The Bottle Rockets, whose music has been compared to Woodie Guthrie's, sing a poignant tune about a thousand-dollar car:
A thousand dollar car, it ain't worth nothin'
A thousand-dollar car, it ain't worth shitMight as well take your thousand dollars
And set fire to it.
A thousand-dollar car ain't worth a dime
You lose your thousand dollars every time.
Oh, why did I ever buy a thousand-dollar car?
If you are thinking about getting a liberal arts or humanities degree from a college with less than a thousand students, you should listen to the Bottle Rockets' Thousand-Dollar Car song. Simply substitute "tiny college" for "thousand-dollar car." A degree from a school with less than a thousand students "ain't worth nothing. . . ain't worth shit."
Colleges with less than 1,000 students are in a precarious financial position, with many on the brink of closure. Nevertheless, the number of these schools is growing.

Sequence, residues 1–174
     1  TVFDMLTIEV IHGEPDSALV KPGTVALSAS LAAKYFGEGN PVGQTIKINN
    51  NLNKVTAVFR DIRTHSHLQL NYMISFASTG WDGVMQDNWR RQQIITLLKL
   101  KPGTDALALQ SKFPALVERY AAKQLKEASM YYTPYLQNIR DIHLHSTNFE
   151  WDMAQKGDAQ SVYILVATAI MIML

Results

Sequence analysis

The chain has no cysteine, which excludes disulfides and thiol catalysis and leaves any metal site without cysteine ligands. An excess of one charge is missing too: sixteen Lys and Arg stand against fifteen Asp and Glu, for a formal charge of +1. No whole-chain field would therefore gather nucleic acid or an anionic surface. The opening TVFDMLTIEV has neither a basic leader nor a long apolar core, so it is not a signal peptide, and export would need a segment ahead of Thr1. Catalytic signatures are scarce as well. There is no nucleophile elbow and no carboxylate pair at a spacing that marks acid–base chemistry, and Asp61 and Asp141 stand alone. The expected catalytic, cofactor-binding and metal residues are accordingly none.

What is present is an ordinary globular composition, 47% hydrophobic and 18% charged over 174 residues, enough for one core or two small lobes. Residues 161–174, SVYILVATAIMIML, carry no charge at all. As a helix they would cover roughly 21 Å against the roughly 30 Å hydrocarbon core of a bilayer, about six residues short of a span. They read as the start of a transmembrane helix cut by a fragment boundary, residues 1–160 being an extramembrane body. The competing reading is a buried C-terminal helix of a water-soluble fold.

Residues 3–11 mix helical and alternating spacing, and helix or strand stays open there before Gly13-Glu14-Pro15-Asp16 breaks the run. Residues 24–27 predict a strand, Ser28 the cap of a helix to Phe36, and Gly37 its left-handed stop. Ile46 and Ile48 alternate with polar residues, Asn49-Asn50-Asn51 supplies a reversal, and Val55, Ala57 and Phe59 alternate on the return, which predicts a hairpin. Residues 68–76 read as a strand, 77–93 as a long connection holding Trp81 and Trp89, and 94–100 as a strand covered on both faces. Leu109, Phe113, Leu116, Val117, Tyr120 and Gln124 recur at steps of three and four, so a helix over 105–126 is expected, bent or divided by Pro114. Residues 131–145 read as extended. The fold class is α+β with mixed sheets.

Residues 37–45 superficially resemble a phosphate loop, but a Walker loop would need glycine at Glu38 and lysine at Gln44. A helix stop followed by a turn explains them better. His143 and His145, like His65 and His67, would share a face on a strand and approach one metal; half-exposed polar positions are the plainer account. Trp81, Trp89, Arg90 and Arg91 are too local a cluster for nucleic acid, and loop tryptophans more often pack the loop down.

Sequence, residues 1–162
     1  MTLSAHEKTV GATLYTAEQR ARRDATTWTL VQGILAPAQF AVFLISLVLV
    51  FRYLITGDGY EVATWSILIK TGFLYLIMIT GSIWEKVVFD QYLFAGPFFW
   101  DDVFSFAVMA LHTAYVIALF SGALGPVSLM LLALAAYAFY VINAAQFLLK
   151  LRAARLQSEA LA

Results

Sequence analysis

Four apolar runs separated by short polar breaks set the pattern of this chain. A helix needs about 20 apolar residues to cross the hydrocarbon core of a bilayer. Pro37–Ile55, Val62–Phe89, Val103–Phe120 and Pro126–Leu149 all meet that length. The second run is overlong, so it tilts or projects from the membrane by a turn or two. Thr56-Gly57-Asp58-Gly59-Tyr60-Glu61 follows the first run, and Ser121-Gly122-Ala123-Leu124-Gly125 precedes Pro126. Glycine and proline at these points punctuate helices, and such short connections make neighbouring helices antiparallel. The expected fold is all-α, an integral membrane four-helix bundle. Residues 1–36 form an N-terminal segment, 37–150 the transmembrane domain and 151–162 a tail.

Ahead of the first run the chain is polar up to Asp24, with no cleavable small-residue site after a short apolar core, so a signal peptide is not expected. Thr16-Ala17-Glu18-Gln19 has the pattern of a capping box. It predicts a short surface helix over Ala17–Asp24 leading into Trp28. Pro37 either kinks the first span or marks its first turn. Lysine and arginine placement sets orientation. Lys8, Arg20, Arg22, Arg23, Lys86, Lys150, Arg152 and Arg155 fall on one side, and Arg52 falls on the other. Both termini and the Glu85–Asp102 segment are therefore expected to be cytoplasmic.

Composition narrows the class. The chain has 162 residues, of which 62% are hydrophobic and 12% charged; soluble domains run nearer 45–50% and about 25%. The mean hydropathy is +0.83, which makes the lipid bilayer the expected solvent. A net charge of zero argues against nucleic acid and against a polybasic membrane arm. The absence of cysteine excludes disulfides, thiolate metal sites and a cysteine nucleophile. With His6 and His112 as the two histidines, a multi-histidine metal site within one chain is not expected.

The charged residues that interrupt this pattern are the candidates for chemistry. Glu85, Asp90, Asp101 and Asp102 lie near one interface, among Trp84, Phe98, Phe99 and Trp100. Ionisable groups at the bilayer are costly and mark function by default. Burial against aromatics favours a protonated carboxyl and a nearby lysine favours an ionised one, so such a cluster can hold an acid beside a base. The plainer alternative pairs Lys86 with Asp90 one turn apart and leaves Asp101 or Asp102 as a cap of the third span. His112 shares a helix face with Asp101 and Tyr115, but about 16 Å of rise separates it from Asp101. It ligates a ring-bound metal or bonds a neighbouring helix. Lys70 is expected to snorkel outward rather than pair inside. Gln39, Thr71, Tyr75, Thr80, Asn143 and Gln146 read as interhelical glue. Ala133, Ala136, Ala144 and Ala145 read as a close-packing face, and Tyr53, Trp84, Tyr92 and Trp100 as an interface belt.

That's not because more tiny colleges are being founded; many small colleges are shrinking due to declining enrollments.
Indeed, many of these little colleges would have folded during the COVID pandemic if the federal government hadn't shoveled money into them. The feds sent $77 billion of helicopter money to colleges and universities through the Higher Education Emergency Relief Fund, and the micro colleges got a piece of that pie.
Federal money has propped up small private colleges for years, much like a terminal patient on life support. But isn't it time these schools shut down?
For example, Harvey Mudd College in California only had 854 students in 2020, and its annual cost of attendance is $84,000. Why would you want to study there?
Wesley College in Delaware has 917 students and saw a 50 percent drop in enrollment between 2010 and 2020. The total cost of attendance for a four-year degree is $178,000 (including room and board). That's a shocking price tag for a degree from a little-known school with a tiny student body.
I don't mean to disparage the small private colleges. Many have an honorable record of serving students in their communities, and many were founded by religious groups for a noble purpose. Many did a fine job teaching the liberal arts and the humanities--some for a hundred years or more.
Nevertheless, the era of the small private college is over. You would be nuts to take out student loans to attend a college with less than 1,000 students.
|A liberal arts degree from an obscure, tiny college ain't worth nothing.|